With the fall and winter holiday seasons approaching, travel is in the cards for many families across the country. Sadly though, the onset of colder weather also marks an increase in occurrence of colds and flu. As any parent can tell you, there's nothing more difficult than trying to care for your family when you are on the go and battling a cold; the exhaustion, discomfort, and inability to focus can slow down even the most enthusiastic parent. So how can you fight back when you feel a cold coming on? Funny you should ask!
Monday, October 21, 2013
Friday, October 18, 2013
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Cold and flu season is rapidly approaching, and dodging germs in a house with school-aged children is harder than trying to find an acorn in a leaf pile! This fall, try to beat the odds by staying vigilant about avoiding germs with these 3 tips:
Avoid "germy" hot-spots: We can't keep kids home from school or in a hermetically-sealed bubble, but avoiding unnecessary places where germs are more common (i.e. playgrounds and play areas, public restrooms, shopping centers, restaurants) can help limit exposure. If you do go out to one of these venues, come prepared; bring disinfecting wipes and hand sanitizer, urge children to keep their hands away from their noses and mouths, and encourage frequent hand-washing.
Vaccinate: Keeping your children's vaccinations up-to-date is critical. Ideally, the vast majority of people over 6 months of age would also receive a flu vaccination each season to limit outbreaks, but at a minimum the following populations should receive an annual flu vaccination:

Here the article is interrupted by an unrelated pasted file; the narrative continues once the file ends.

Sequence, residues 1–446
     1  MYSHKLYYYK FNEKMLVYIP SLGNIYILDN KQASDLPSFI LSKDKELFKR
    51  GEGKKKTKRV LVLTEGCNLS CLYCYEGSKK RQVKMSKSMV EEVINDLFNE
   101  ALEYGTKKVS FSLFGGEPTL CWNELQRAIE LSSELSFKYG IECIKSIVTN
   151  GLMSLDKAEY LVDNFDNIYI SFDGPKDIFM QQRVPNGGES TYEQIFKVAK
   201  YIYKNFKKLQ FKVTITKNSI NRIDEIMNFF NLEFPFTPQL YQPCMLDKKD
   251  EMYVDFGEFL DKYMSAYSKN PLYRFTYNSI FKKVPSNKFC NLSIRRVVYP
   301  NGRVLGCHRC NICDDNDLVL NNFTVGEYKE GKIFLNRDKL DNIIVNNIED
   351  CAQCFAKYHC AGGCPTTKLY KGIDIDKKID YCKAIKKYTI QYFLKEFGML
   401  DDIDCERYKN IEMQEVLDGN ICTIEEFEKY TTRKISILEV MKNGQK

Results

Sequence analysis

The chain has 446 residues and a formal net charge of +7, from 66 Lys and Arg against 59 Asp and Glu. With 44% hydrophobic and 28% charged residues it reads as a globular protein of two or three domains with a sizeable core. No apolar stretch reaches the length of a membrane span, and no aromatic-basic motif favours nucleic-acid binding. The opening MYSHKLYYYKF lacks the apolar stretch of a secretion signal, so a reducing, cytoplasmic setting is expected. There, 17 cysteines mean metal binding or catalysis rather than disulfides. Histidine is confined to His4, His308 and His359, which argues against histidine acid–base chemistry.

- People who have certain medical conditions including asthma, diabetes, and chronic lung disease
- Pregnant women
- People younger than 5 years (and especially those younger than 2), and people 65 years and older
- Household contacts and caregivers of people with certain medical conditions including asthma, diabetes, and chronic lung disease
- Household contacts and caregivers of infants less than 6 months old
- Health care personnel
The flu shot is NOT approved for infants under 6 months or people with a severe allergy to the vaccine; also, people who have a moderate to severe illness and those with GBS should consult their physicians for information regarding vaccination.
Embrace healthy habits: Ensure that all household members get plenty of rest, eat a healthy diet, drink plenty of fluids, and get plenty of exercise; all of these healthy habits can help boost your immune system and give you an edge this cold and flu season!
Safe and healthy travels!
P.S. - Don't miss our "Monday Giveaway" for a chance to win an amazing homeopathic, all-natural product that can help reduce the discomfort of cold and flu symptoms!!!!
Tuesday, October 15, 2013